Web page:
This line of questioning gets to the heart of the issue: were the patrolmen faced with any clear and present danger? Were the highway patrolmen, government officials, firemen, National Guardsmen, and reporters—all hanging out opposite the students—in any danger? Koon, a man who served as a marine in World War II at Guadalcanal, Okinawa, and Guam—who had been shot at and, he said, hit on occasion—did not believe there was gunfire coming from the direction of the college prior to the patrolmen’s shooting. But on cross-examination Koon noted that there was a lot of noise and that he couldn’t be absolutely sure. In all about thirty-six witnesses said they didn’t hear gunfire coming from campus right before the shooting, including several highway patrolmen, two soldiers, and FBI agent Charles DeFord.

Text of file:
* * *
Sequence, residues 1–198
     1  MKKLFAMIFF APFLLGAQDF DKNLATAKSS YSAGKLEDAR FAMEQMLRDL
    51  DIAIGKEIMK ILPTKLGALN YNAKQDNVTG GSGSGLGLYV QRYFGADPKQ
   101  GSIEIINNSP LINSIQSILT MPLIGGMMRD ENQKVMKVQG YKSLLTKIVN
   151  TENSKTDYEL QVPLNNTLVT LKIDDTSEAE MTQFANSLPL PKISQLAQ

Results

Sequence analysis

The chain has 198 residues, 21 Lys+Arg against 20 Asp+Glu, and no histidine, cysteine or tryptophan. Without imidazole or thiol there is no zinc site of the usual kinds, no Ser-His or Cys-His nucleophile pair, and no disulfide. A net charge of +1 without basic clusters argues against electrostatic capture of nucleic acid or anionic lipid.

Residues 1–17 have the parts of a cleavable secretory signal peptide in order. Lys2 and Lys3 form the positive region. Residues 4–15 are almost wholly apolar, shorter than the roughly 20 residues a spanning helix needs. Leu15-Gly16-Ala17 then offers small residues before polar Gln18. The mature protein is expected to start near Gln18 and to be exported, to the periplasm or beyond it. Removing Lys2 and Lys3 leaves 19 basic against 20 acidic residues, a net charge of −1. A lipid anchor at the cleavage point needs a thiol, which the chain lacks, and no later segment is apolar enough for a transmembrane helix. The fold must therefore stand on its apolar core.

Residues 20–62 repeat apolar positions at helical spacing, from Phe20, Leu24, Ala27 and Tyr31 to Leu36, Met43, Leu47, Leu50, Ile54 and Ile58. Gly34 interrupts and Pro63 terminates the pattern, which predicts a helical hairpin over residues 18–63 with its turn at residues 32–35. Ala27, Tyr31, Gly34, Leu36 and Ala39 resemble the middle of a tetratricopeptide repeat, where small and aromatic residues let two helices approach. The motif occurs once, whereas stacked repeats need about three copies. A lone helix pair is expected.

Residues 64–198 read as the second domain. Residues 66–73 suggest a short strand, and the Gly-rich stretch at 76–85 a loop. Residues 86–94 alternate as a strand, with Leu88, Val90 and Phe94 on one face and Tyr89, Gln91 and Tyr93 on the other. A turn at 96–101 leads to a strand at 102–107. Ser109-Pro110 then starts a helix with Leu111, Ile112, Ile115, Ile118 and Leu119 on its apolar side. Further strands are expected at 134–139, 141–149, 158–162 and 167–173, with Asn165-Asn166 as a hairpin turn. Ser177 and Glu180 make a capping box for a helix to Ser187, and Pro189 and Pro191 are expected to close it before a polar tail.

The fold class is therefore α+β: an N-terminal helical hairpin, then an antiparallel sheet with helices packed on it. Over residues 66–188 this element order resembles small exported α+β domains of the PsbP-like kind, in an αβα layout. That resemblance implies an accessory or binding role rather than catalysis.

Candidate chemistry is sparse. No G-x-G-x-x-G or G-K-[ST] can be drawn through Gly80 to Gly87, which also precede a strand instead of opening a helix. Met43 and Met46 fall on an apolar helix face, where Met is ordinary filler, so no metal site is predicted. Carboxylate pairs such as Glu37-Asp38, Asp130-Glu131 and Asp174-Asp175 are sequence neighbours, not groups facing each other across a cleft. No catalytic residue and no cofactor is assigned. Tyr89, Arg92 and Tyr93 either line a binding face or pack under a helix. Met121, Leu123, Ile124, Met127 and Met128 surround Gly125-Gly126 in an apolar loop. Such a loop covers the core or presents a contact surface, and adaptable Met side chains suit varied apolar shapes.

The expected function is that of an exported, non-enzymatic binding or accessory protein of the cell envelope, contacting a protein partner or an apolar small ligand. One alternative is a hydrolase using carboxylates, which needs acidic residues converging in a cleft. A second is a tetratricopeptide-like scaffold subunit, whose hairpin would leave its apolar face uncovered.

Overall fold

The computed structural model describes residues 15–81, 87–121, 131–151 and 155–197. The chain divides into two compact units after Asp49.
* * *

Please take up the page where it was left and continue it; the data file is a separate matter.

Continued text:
Indeed much of the testimony focused on whether or not gunfire was coming from the campus and when it was or was not heard by witnesses. DeFord said he heard small-arms fire coming from the campuses, but he didn’t recall, as other witnesses did, getting down when the shooting started. Two expert witnesses said that slugs found in the warehouse during the investigation came from the direction of students, but an “FBI crime lab expert from Washington contradicted the testimony.” CBS cameraman Reginald Smith said he heard shots throughout the night when he was standing by the Esso station near the railroad depot and by the warehouse. But Smith claimed he didn’t hear any shots fired from the campus for about twenty minutes before the patrolmen fired their weapons. He did see the bonfire and the fire truck brought in to put it out. He did see Officer Shealy being carried away after being hit by some object. Then he saw an African American reporter from Baltimore escorted off campus by several patrolmen. After some time elapsed, the patrolmen moved up the hill and began shooting—it sounded like a “small war,” he said. Yet we’ll never know how many rounds were actually fired. A local photographer, Cecil Williams, picked up some shells and turned them over about three months later, but where the others went remains a mystery—they never showed up in court. The only real evidence that the nine patrolmen fired was their signed statements to that fact.